On Thursday, the day before the London launch of Beyond the Beehive I was at Broadcasting House to appear, live, on Woman’s Hour on Radio 4. You can read about my morning at Broadcasting House here and listen to the interview here (my interview starts at 33 minutes in)
And then it was Friday, the day of the launch. The day started with a dash to Muswell Hill to see Frank my hairdresser. His dad used to have a café in Piccadilly in the Fifties and Frank used to play snooker with Tommy Steele and all the stars. So it wasn’t about preening so much as getting in to the groove. We listened to some Motown and I ended up looking a little bit like Cilla Black.
At 5 o’clock, just before the launch – which started at 6.30 pm – I was to record an interview with Georgey Spanswick for BBC radio. The programme, Feelgood Friday, is syndicated to all the local radio stations in the UK (that’s a lot of stations – 36, including Guernsey!) I would be in Broadcasting House while Georgey Spanswick would be in another studio – in Leeds I think. I had had strict instructions from the Manager (as she does not like to be called) that I must get away as soon as possible, to get back to the Launch pad as soon as possible, although she was not optimistic. Her media experience was telling her that there would be time spent setting up, adjusting and generally farting around, before the recording began.
And the Manager was right. At 5.15 we still hadn’t started. However, after a short tussle over studios, the recording began. Georgey Spanswick was funny, cheerful and we got on famously. I’d sent her a list of some iconic bits of music from the era and she played My Generation by the Who and Rescue Me by Fontella Bass. You can listen to the programme here (the interview starts at 1 hour 10 minutes in). What I hadn’t realised, was that the programme was going to go out at 8pm that night – while we would be eating Twiglets and listening to the Harlem Shuffle at the launch.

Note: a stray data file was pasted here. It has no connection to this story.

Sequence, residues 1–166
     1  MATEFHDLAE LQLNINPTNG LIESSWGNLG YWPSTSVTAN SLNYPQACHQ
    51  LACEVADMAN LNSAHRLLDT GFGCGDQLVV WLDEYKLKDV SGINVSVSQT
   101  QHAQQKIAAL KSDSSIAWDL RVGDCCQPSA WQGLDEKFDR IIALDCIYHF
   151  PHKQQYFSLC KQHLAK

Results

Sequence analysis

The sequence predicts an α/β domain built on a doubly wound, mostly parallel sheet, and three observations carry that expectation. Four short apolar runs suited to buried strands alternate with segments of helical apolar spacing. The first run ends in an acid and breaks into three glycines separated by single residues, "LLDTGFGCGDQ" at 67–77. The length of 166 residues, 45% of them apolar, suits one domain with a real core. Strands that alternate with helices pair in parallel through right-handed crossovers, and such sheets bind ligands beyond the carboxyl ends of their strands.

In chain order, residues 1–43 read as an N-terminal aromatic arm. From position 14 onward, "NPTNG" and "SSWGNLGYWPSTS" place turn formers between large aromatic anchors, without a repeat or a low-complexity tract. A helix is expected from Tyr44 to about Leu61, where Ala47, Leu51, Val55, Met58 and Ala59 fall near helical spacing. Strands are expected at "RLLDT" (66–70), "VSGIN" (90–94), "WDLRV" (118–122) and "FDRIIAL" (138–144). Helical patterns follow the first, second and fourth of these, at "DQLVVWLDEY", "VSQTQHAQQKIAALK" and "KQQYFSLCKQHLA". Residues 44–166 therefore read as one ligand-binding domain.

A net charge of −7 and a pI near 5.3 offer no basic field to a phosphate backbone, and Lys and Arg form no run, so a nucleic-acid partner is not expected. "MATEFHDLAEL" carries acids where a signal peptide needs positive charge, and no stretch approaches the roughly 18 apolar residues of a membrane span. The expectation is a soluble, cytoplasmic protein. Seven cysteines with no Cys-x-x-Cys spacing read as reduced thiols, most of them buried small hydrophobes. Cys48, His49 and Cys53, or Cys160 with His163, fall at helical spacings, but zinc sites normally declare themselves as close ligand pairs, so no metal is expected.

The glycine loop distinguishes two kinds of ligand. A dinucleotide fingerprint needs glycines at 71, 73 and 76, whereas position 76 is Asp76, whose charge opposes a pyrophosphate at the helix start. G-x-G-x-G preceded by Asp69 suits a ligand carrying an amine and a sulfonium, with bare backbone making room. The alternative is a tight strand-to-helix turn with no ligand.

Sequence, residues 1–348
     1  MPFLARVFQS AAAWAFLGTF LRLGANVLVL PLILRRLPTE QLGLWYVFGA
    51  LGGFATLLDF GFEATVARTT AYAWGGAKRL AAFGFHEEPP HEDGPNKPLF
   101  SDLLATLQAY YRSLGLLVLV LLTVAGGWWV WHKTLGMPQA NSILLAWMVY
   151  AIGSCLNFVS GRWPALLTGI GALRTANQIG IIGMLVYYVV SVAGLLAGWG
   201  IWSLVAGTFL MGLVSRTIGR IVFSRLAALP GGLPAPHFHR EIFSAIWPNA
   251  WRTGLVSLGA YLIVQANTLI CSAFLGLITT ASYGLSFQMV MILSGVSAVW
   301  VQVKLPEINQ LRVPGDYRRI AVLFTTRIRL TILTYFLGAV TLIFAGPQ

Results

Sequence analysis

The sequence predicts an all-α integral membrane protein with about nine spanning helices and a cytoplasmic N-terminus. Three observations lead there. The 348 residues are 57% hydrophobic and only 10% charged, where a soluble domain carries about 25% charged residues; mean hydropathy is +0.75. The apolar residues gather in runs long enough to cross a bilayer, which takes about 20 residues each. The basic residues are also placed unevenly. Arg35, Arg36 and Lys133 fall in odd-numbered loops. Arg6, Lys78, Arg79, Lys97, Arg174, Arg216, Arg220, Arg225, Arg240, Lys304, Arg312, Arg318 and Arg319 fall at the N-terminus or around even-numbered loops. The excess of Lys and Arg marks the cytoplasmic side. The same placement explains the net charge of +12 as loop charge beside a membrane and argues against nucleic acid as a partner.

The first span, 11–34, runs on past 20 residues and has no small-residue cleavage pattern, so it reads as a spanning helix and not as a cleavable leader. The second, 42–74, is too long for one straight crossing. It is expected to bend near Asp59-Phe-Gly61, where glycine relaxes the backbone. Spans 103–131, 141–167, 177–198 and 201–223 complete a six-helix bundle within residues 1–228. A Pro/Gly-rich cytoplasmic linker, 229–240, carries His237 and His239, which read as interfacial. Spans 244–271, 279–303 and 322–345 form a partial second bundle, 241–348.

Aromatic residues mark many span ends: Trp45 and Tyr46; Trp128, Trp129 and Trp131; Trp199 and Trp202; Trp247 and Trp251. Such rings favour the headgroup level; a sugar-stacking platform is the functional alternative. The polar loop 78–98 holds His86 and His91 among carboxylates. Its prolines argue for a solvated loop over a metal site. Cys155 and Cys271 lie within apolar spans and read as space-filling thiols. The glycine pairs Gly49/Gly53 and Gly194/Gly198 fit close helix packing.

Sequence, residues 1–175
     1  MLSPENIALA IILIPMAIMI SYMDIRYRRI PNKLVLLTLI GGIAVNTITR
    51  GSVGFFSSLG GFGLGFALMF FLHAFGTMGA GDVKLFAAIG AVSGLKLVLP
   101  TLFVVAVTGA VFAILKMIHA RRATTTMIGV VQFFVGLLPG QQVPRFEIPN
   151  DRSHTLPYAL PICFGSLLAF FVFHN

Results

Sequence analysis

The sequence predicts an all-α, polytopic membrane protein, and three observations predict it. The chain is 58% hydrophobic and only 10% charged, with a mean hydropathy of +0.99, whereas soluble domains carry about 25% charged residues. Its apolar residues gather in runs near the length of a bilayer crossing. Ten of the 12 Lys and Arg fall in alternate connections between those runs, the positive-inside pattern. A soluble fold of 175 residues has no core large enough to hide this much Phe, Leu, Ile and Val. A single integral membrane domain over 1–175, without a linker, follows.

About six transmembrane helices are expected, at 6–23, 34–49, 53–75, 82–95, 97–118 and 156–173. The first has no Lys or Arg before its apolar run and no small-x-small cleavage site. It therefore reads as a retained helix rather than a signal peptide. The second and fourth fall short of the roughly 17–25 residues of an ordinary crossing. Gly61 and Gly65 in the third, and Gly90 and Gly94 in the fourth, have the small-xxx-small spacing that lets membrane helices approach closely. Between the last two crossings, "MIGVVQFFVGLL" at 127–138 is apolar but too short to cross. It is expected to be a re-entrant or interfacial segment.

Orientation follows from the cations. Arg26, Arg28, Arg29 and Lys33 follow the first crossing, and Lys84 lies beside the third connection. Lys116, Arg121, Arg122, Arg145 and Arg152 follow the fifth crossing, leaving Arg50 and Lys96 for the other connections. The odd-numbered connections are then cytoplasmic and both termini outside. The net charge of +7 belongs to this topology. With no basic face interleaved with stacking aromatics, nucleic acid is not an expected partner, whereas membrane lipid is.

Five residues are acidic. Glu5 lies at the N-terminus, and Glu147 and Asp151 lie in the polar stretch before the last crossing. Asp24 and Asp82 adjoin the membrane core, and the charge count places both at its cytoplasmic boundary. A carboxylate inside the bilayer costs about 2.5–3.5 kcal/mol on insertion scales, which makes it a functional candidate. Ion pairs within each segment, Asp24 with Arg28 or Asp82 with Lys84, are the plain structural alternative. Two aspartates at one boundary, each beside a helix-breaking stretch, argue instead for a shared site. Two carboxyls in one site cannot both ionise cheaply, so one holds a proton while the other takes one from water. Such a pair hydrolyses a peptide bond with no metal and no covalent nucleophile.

No time to think about that. I dashed down to Oxford Circus tube and jumped onto the Bakerloo line – it’s just one stop to Piccadilly Circus. Then I pushed through the Friday night crowds of tourists, school children and wanderers, leaped onto a bus as its doors were closing, went one stop down Shaftesbury Avenue and arrived breathless into the hall at St Anne’s in Dean Street at 6 o’clock. Fortunately Team Beehive aka friends and family had arrived and were doing great work making the hall look lovely with cunningly placed posters and the Banner. The hall has a sweet garden and with a few well placed flickering fake candles it looked like fairy land (in the middle of Soho!). The evening was mild and balmy which meant people could stand outside.
And people came, from all stages of my life, my pal Christine (aka Sandra), a mate from Tec College, people from Birmingham Uni, Feminists, Guardians, lawyers and a couple of judges, my French class, friends of friends of mine who knew each other quite independently.
At 7 o’clock it was the Readings. After a few minutes of intro and thanks and a mention of a fund raiser for WiFi for refugees on 6 December (information here) I read a couple of short pieces from the book. The Election, where Linda is poll-checking for her dad, and A Day Out in London (Wormwood Scrubs) where bad boy Danny tries to fix Linda up with Trevor, a fellow in-mate. People laughed in all the right places. And lots of books were sold and signed
We drove home very slowly, the car full of glasses and wine bottles, posters, the Banner and empty cardboard boxes. One of the battery candles wouldn’t go out and kept flashing and the iPlayer was playing tinnily in one of the bags. But at home we discovered, after people had obviously listened to Georgey Spanswick’s programme, I’d sold another shed-load of books!
Of course, for me obviously it is all about art and literature. I merely include information about sales because I know some people are interested.
Thanks to everyone who provided support and to all those who came. It was a great evening.